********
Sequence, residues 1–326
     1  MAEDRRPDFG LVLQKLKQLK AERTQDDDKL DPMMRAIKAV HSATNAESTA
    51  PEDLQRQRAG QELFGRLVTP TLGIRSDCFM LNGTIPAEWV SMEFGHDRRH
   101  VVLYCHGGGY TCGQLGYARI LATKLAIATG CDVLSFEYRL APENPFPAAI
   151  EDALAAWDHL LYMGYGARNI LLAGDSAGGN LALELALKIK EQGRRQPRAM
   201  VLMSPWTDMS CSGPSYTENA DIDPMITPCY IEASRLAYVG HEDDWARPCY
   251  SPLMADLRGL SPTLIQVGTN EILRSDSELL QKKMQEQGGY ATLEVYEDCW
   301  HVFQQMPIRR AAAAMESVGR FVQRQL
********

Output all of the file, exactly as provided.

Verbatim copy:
Sequence, residues 1–326
     1  MAEDRRPDFG LVLQKLKQLK AERTQDDDKL DPMMRAIKAV HSATNAESTA
    51  PEDLQRQRAG QELFGRLVTP TLGIRSDCFM LNGTIPAEWV SMEFGHDRRH
   101  VVLYCHGGGY TCGQLGYARI LATKLAIATG CDVLSFEYRL APENPFPAAI
   151  EDALAAWDHL LYMGYGARNI LLAGDSAGGN LALELALKIK EQGRRQPRAM
   201  VLMSPWTDMS CSGPSYTENA DIDPMITPCY IEASRLAYVG HEDDWARPCY
   251  SPLMADLRGL SPTLIQVGTN EILRSDSELL QKKMQEQGGY ATLEVYEDCW
   301  HVFQQMPIRR AAAAMESVGR FVQRQL